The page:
Written by Jamie Irvine | 4-minute read
They started to build a new commercial building but before they could finish they ran out of money. Now the building sits empty, partially completed, and what they invested is gone forever. They can neither go back nor go forward. In the end, they declare bankruptcy and walk away from the project.
How could this have been avoided and what does it have to do with starting a business?
The Importance of Counting the Cost
Many people start a business with nothing more than a dream and a vague notion of how they will turn that dream into a reality.
They are filled with passion, resolve, and hope but their entrepreneurial dream quickly becomes an absolute nightmare and it primarily starts with a failure to count the cost.
Interestingly, the self-employed people who fail quickly, typically in the first year, are often at a financial advantage over the self-employed people who make it two or three years.
When you fail early you can minimize the damage, cut your losses, and move on. Once you have been at it for two or three years and things aren’t going well you feel like you can’t quit because you have invested too much money, time, and energy.
The result often is that you grind it out for another year or two until finally you collapse and are forced to admit that the business is not sustainable. By this point, you have exhausted all financial resources and gone deeply into debt.
You can neither turn back time and go back nor do you have the financial, physical, and emotional ability to go forward. The nightmare ends but you are personally left to deal with the fallout of your entrepreneurial failure.
How can you avoid this tragic outcome that most self-employed people eventually experience?
To properly evaluate a business idea, you must ensure that you adequately count the cost in advance.
Counting the cost involves:
- Financial Cost – The financial resources to launch, even a small digital business, are much more than you initially think. At times it can cost three to four times more. If you quit your job before the business is producing adequate revenue the financial burden intensifies.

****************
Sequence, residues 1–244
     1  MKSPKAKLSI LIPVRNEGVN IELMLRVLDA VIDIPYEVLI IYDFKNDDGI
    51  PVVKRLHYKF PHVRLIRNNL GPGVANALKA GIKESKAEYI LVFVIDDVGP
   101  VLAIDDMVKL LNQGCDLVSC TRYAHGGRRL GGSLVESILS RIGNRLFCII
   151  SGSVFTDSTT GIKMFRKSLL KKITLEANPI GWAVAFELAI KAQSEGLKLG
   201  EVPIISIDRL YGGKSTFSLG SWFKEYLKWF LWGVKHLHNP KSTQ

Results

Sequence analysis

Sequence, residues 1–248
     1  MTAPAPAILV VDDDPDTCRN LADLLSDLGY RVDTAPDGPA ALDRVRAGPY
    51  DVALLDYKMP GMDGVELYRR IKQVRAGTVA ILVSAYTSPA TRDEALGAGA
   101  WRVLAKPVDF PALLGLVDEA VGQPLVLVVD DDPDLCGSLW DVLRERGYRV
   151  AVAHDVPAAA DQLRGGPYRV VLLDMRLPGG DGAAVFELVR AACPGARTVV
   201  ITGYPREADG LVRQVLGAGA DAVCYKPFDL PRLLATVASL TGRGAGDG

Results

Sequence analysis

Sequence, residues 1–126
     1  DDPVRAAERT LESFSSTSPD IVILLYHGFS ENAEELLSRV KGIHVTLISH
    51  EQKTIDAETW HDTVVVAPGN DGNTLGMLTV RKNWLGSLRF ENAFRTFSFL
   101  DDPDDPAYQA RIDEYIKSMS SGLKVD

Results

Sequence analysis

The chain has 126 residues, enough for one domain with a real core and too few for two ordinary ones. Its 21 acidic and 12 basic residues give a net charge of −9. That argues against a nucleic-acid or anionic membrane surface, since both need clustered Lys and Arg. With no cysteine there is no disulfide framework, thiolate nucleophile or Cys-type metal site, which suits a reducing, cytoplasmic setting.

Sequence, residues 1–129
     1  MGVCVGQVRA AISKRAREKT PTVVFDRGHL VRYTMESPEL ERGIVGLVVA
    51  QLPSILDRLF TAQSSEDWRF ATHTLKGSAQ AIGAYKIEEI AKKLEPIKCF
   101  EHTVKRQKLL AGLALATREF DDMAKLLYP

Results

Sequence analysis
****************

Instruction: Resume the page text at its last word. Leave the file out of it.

- Physical Cost – Most people don’t even think of the physical cost. Listen to interviews with entrepreneurs and you will hear many of them talk about how they weren’t taking care of their health in the early years of their business. Long days, lack of sleep, exercise, and a balanced diet will take their toll.
- Emotional Cost – The emotional resources required to deal with issues like constant rejection and imposter syndrome should not be underestimated. It’s hard to start a business and it takes a certain emotional makeup to handle it.
- Family Cost – If you have a family the cost to them can be very high. While you try to launch the business your time with them will be greatly reduced, the financial costs impact them now and threaten their future, and if you fail moving back in with your parents while you regroup will affect everyone.
Starting a business is one of the hardest things I have ever done, and I’ve started three businesses on my own and so far have been apart of 6 other startups.
I guess I am a sucker for punishment.
Failing to count the cost is one of the earliest mistakes self-employed people make on their entrepreneurial journey. Don’t make that mistake.
Let’s talk about your business.